Could you gain from rain?

You could reduce your bill if your surface water doesn't drain to the public sewer

First things first – what is 'surface water'? Well, we describe it as water that falls as rain, is collected by drains and gullies on your property, before being removed by us via a public sewer.

And you could knock money off your bill if:

either:

  • all the rainwater or groundwater from your home including your roof (or shared roof), garden, drive, patio and yard, drains directly to the ground or via a soakaway (a means of draining away water through the ground) at both the front and/or rear of your property

or

  • all the rainwater or groundwater from your home, garden and hard standing areas (e.g. drive, patio or yard) drains directly into a watercourse, brook or stream and does not enter the public sewer

or

  • you pay a third party (e.g. British Waterways) to dispose of your surface water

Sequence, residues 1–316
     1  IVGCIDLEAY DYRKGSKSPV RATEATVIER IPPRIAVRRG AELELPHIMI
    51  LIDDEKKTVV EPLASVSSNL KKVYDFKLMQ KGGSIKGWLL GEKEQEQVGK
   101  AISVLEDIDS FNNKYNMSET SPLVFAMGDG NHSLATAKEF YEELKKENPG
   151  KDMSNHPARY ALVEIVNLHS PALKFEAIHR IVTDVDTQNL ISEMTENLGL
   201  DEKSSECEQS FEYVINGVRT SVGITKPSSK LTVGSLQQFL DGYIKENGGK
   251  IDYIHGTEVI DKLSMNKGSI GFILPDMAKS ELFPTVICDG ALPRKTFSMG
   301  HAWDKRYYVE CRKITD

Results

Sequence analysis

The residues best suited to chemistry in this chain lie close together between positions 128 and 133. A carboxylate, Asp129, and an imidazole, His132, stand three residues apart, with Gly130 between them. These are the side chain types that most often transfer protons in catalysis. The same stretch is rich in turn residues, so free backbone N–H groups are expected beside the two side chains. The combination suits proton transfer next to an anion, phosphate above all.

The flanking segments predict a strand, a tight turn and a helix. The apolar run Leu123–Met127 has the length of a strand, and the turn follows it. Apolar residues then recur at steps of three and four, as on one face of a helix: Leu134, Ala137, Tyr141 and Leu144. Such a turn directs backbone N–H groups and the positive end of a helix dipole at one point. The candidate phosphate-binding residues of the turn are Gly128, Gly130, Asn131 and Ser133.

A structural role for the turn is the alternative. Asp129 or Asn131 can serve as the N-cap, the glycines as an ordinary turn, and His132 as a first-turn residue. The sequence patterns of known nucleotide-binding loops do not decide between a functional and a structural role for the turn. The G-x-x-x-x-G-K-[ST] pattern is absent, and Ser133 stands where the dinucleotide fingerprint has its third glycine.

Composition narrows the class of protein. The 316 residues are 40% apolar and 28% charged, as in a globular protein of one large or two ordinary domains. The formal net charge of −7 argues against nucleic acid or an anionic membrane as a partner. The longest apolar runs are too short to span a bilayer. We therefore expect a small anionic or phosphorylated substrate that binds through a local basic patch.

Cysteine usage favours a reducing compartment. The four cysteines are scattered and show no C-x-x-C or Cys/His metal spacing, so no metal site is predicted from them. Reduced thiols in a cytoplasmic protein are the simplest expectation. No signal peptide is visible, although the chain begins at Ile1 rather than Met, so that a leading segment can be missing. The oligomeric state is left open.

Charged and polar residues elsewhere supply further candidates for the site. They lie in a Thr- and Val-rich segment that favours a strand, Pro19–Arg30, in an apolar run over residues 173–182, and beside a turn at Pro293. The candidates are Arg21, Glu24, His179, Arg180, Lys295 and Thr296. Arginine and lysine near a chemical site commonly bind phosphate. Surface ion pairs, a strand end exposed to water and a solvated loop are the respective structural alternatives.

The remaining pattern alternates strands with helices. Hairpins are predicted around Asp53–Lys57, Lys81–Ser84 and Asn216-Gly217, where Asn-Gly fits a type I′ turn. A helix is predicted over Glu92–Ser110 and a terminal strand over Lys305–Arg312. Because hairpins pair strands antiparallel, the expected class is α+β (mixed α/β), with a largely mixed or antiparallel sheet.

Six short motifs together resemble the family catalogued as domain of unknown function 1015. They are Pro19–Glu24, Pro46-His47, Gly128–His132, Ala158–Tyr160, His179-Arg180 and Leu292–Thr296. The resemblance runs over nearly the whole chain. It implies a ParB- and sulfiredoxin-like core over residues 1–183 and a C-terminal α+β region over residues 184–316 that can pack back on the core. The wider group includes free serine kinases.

We've included a diagram to illustrate a property that may be entitled to a bill reduction if surface water does not drain into a public sewer (PDF 87 KB opens in a new window).

You are not entitled to a reduction if:

  • any proportion of your surface water drains to the public sewer
  • only part of your surface water goes to a soakaway, with some surface water still draining to the public sewer
  • you have re-directed your roof drainage into water butts
  • you drain to a watercourse, brook or stream via the public sewer

We've included a diagram to illustrate a property that is not entitled to a bill reduction because of the way surface water is disposed of (PDF 87 KB opens in a new window).

How to apply for a reduction in your water bill